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Apollo LLRV
Part of Apollo LM
Apollo LLRV
Apollo LLRV
Credit: NASA
American manned lunar lander test vehicle. Bell Aerosystems initially built two manned lunar landing research vehicles (LLRV) for NASA to assess the handling characteristics of Apollo LM-type vehicles on earth.

AKA: Apollo LLTV;Lunar Lander Test Vehicle;Lunar Landing Research Vehicle. Status: Operational 1965.

A follow-on contract for three 'production' versions for astronaut training were referred to as LLTV 'lunar landing training vehicles'.

The LLRV could take off and land under its own power, reaching an altitude of about 1,220 meters, hover, and fly horizontally. A fan turbojet engine provided a constant upward push of five-sixths the weight of the vehicle to simulate the one-sixth gravity of the lunar surface.

The LLRV's, humorously referred to as "flying bedsteads," were created by a predecessor of NASA's Dryden Flight Research Center to study and analyze piloting techniques needed to fly and land the tiny Apollo Lunar Module in the moon's airless environment. (Dryden was known as NASA's Flight Research Center from 1959 to 1976.)

Success of the LLRV's led to the building of three Lunar Landing Training Vehicles (LLTV's) used by Apollo astronauts at the Manned Spacecraft Center, Houston, TX, predecessor of NASA's Johnson Space Center.

Apollo 11 astronaut, Neil Armstrong first human to step onto the moon's surface said the mission would not have been successful without the type of simulation that resulted from the LLRV's and LLTV's.


When Apollo planning was underway in 1960, NASA was looking for a simulator to profile the descent to the moon's surface. Three concepts were developed: an electronic simulator, a tethered device, and the ambitious Flight Research Center (FRC) contribution, a free-flying vehicle. All three became serious projects, but eventually the FRC's LLRV became the most significant one. Hubert Drake was credited with originating the idea, while Donald Bellman and Gene Matranga were senior engineers on the project, with Bellman the project manager.

After conceptual planning and meetings with engineers from Bell Aerosystems, Buffalo, NY, a company with experience in vertical takeoff and landing (VTOL) aircraft, NASA issued Bell a $50,000 study contract in December 1961. Bell had independently conceived a similar, free-flying simulator, and out of this study came the NASA Headquarters' endorsement of the LLRV concept, resulting in a $3.6 million production contract awarded to Bell Feb. 1, 1963, for delivery of the first of two vehicles for flight studies at the FRC within 14 months.

Built of aluminum alloy trusses and shaped like a giant four-legged bedstead, the vehicle was to simulate a lunar landing profile. To do this, the LLRV had a General Electric CF-700-2V turbofan engine mounted vertically in a gimbal, with 4200 lb of thrust. The engine got the vehicle up to the test altitude and was then throttled back to support five-sixths of the vehicle's weight, simulating the reduced gravity of the moon. Two hydrogen peroxide lift rockets with thrust that could be varied from 100 to 500 lb handled the LLRV's rate of descent and horizontal movement. Sixteen smaller hydrogen peroxide rockets, mounted in pairs, gave the pilot control in pitch, yaw, and roll. As safety backups on the LLRV, six 500-lb rockets could take over the lift function and stabilize the craft for a moment if the main jet engine failed. The pilot had a zero-zero ejection seat that would then lift him away to safety.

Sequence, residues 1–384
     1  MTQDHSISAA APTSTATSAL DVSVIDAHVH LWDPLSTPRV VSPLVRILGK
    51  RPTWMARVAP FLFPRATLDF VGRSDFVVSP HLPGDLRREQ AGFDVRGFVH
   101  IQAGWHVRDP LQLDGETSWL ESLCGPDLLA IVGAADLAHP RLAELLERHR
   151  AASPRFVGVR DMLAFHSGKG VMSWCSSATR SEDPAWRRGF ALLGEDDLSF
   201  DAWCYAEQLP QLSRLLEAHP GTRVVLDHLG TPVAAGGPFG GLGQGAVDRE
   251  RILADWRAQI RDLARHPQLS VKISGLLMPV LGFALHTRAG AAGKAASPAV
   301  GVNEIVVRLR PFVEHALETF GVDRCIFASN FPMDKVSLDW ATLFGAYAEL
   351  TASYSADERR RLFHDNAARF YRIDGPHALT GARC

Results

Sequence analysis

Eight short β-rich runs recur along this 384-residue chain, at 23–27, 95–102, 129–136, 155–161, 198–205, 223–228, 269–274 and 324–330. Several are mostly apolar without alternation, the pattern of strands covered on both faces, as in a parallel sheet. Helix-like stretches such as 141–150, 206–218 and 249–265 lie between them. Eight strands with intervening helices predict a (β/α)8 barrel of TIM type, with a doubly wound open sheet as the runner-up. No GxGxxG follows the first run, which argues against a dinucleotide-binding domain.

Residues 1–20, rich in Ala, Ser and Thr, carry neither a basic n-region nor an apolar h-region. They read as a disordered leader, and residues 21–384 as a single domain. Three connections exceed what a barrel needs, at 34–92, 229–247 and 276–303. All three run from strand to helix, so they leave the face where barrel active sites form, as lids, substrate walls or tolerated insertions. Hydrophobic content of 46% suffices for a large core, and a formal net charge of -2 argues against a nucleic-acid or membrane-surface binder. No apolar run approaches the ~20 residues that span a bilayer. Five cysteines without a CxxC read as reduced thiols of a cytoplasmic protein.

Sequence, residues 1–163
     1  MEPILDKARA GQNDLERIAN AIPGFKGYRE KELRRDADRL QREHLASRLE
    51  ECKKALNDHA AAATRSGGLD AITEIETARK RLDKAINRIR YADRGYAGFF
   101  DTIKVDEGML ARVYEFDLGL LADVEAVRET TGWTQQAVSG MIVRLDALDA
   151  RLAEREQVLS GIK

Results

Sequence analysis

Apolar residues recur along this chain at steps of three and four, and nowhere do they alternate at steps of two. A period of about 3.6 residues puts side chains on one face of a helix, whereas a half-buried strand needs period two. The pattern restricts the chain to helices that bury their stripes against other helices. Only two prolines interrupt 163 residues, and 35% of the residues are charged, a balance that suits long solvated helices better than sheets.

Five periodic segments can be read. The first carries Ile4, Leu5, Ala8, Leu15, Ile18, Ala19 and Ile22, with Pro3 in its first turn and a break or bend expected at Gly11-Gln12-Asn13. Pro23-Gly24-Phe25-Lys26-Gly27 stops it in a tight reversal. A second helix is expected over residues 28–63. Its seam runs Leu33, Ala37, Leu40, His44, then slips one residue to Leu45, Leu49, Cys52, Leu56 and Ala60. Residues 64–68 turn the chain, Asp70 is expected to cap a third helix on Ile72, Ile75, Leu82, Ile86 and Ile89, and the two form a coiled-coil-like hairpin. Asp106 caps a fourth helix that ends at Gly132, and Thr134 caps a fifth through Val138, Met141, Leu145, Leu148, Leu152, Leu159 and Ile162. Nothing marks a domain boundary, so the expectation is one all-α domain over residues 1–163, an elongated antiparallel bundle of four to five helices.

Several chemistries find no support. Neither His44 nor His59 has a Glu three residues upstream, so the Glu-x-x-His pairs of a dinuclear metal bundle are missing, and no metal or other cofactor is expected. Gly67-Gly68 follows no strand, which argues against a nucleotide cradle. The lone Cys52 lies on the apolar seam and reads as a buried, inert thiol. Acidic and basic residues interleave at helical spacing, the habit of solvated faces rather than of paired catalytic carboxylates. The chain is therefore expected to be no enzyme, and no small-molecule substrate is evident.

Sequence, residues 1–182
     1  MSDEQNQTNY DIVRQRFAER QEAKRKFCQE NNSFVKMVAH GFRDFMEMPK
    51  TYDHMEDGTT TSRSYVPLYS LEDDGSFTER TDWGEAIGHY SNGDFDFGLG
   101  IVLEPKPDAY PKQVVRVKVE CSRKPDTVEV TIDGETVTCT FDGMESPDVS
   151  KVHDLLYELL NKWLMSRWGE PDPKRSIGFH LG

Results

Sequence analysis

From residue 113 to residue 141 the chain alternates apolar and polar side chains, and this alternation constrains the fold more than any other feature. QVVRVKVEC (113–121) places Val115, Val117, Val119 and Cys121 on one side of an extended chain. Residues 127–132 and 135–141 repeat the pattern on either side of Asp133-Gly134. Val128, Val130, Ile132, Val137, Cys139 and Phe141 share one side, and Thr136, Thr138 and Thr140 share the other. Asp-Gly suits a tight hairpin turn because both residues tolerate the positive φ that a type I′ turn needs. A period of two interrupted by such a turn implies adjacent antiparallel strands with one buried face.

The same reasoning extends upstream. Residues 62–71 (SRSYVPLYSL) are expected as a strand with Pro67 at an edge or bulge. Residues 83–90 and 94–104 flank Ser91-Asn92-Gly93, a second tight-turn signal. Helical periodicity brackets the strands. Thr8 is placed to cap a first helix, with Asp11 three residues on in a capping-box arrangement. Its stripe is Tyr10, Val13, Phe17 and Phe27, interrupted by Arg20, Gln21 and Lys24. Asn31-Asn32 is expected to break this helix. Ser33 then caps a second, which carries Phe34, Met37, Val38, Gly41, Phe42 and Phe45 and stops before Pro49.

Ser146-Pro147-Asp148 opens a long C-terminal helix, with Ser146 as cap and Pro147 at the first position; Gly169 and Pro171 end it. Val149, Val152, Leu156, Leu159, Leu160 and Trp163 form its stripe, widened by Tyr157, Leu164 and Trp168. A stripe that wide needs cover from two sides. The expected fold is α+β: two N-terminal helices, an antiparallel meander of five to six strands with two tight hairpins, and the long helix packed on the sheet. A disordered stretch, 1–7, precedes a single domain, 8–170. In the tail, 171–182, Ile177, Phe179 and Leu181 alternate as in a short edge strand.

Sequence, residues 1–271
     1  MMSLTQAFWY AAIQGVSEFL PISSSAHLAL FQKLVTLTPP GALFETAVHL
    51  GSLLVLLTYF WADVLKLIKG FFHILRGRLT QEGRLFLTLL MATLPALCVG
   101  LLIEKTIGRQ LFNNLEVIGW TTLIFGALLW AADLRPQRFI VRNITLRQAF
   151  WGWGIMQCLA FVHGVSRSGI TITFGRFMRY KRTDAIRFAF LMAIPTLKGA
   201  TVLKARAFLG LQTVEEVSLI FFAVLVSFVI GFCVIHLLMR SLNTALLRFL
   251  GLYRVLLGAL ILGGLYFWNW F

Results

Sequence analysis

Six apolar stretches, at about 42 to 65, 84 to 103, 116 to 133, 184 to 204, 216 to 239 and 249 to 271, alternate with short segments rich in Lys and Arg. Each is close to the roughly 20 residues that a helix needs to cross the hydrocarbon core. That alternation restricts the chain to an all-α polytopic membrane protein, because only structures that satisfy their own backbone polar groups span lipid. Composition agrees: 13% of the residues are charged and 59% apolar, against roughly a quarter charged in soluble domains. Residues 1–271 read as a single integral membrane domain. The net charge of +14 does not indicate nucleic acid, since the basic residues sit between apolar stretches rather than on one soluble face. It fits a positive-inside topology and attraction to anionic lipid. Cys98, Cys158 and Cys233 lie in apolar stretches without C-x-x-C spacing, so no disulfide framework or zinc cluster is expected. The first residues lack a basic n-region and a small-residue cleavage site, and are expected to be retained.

Flight Operations

The two LLRV's were shipped from Bell to the FRC in Apr. 1964, with program emphasis on vehicle No. 1. It was first readied for captured flight on a tilt table constructed at the FRC to test the engines without actually flying. The scene then shifted to the old South Base area of Edwards. On the day of the first flight, Oct. 30, 1964, research pilot Joe Walker flew it three times for a total of just under 60 seconds to a peak altitude of ten ft (3 m). Later flights were shared between Walker; another Center pilot, Don Mallick; the Army's Jack Kleuver; and NASA Manned Spacecraft Center, Houston, pilots Joseph Algranti and H.E. "Bud" Ream.

NASA had accumulated enough data from the LLRV flight program at the FRC by mid-1966 to give Bell a contract to deliver three LLTV's at a cost of $2.5 million each.

In Dec. 1966 vehicle No. 1 was shipped to Houston, followed by No. 2 in Jan. 1967, within weeks of its first flight. Modifications already made to No. 2 had given the pilot a three-axis side control stick and a more restrictive cockpit view, both features of the real Lunar Module that would later be flown by the astronauts down to the moon's surface.

When the LLRV's arrived at Houston, where research pilots would learn how to become LLTV instructor pilots, No. 2 had been flown just 7 times while No. 1, the veteran, had a total of 198 flights. In Dec. 1967, the first of the LLTV's joined the FRC's LLRV's to eventually make up the five-vehicle training and simulator fleet.

Three of the five vehicles were later destroyed in crashes at Houston - LLRV No. 1 in May 1968 and two LLTV's, in Dec. 1968 and Jan. 1971.

The two accidents in 1968, before the first lunar landing, did not deter Apollo program managers who enthusiastically relied on the vehicles for simulation and training.

Donald "Deke" Slayton, then NASA's astronaut chief, said there was no other way to simulate a moon landing except by flying the LLTV.

LLRV No. 2 was eventually returned to Dryden, where it was on display as a silent artifact of the Center's contribution to the Apollo program.

Family: Lunar lander test vehicle, Moon. Country: USA. Agency: Bell. Bibliography: 16, 2443, 2479, 2480, 2481, 2482, 2483, 2486, 376, 4436, 459.
Photo Gallery

Apollo LLRV 2 ViewApollo LLRV 2 View
Credit: NASA

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